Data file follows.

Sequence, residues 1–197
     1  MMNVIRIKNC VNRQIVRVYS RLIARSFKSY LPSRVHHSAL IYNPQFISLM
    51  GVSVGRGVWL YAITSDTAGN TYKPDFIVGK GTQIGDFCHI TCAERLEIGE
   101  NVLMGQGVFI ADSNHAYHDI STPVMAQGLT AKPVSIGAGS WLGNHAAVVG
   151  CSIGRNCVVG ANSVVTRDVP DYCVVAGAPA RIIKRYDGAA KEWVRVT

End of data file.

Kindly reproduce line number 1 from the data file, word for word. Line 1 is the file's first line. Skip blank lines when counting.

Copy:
Sequence, residues 1–197